The African Union (AU) in collaboration with the International Trade Centre (ITC) are undertaking an assessment of the different sectors under the Africa Continental Free Trade Area (AfCFTA) to precisely establish where each country has enormous advantage in the area of value addition to the products being produced.
The move is expected to provide solutions to African countries in an effort to avoid an overlapping of export sector priorities as countries could potentially prioritize similar produce ahead of AfCFTA implementation in July this year.
This was revealed in Accra last Wednesday when the Acting Executive Director of the ITC, Madam Dorothy Tembo paid a visit to the Chief Executive Officer (CEO) of the Ghana Export Promotion Authority (GEPA), Dr. Afua Asabea Asare ahead of the 2020 World Trade Promotion Organizations conference scheduled for Accra in May.
Speaking with the Goldstreet Business in Accra, Madam Tembo said aside the assessment being carried out, there is the need to have a better understanding of what is actually being produced, at what cost and whether it is being done in the most efficient way.
“This is the type of conversation we need to have and to see also where the potential lies in terms of trying to make countries work together through a collective effort. It’s the value addition that remains critical”, she insisted.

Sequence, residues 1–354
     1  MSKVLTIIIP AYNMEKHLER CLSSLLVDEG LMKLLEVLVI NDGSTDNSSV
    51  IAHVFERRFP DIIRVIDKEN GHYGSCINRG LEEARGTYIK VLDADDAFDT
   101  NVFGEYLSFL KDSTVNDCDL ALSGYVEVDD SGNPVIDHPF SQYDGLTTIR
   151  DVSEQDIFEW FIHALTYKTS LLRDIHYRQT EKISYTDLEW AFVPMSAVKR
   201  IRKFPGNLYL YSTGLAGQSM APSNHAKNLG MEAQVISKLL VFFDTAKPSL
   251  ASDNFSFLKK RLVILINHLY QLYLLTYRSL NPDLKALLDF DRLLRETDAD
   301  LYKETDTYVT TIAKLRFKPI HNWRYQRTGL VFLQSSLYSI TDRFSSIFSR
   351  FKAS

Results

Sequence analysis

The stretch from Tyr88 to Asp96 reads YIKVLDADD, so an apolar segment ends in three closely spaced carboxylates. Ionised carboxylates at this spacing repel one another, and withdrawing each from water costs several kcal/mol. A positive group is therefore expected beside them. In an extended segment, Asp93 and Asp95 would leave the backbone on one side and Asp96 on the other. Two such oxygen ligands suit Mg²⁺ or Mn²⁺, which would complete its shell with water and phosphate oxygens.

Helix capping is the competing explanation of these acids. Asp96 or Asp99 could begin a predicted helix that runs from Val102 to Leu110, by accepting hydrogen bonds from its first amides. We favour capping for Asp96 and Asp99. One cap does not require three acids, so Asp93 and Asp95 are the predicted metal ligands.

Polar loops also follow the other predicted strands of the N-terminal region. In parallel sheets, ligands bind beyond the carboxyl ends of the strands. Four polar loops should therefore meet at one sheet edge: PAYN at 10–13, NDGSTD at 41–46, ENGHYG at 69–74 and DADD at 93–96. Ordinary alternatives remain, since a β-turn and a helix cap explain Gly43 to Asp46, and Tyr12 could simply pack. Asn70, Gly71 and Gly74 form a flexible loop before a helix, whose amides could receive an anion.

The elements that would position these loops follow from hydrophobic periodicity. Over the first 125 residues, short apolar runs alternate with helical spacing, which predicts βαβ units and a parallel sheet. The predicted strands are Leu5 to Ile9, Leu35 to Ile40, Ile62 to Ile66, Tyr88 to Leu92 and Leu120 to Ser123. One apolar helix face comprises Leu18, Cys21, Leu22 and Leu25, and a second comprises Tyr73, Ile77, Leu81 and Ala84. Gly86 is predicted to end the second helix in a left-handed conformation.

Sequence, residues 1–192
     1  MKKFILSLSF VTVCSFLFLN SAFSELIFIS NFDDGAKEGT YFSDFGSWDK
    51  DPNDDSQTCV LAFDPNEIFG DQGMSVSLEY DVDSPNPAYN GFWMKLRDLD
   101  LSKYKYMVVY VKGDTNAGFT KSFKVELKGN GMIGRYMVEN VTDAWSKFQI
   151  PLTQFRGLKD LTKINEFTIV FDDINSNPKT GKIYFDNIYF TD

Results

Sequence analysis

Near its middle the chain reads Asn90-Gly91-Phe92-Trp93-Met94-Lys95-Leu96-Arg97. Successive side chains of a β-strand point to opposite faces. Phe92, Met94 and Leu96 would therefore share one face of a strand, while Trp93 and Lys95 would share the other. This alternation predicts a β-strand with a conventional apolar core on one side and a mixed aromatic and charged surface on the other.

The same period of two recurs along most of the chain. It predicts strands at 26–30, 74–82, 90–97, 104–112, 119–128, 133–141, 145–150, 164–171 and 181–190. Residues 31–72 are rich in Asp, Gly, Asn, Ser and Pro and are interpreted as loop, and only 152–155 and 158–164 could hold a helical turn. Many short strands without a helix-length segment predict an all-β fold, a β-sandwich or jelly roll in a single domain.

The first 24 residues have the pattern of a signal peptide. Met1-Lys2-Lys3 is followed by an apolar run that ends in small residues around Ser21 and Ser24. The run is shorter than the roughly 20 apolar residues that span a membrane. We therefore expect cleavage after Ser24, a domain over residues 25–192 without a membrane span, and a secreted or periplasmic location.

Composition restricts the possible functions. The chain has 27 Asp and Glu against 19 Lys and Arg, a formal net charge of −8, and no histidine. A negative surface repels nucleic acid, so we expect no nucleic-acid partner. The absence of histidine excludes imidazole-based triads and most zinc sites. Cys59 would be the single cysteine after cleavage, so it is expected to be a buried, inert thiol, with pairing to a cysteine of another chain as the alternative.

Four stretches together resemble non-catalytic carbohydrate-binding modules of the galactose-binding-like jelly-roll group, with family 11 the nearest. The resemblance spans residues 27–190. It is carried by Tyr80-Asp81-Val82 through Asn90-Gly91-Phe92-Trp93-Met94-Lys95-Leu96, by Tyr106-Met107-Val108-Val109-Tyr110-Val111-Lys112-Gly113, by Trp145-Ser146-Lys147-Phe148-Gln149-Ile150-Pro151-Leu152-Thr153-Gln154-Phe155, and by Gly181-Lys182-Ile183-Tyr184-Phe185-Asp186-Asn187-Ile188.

Diversifying trade report
An earlier report released by the ITC on diversifying trade in Africa entreated African countries to develop a regional strategy due to the degree of overlap of sector priorities at the country and regional level, further insisting that overlapping sector priorities could become a potential source of tensions during AfCFTA implementation.
Most importantly, neighbouring countries find themselves very often prioritizing the same type of agricultural products. Examples include cashew and various foodstuffs being prioritized by Ghana, Benin, Burkina Faso, Mali, Côte d’Ivoire, Gambia as well as countries outside the West African sub-region such as Tanzania among others.
Despite this potential source of trade tensions, the ITC insists that the AfCFTA can provide the opportunity to change the strategic direction of the continent, as the current strategic focus is on a very narrow range of agricultural and primary products.
“A larger focus on innovation and manufacturing might be crucial for the success of the policy. Innovation is seldom featured as a priority in African trade competitiveness strategies, yet it will be important for upgrading and diversification.
“African countries have tended to allocate fewer resources to the implementation of their strategies and also have a lower degree of country ownership. These aspects may have to be addressed for the AfCFTA to be a success”; the report added.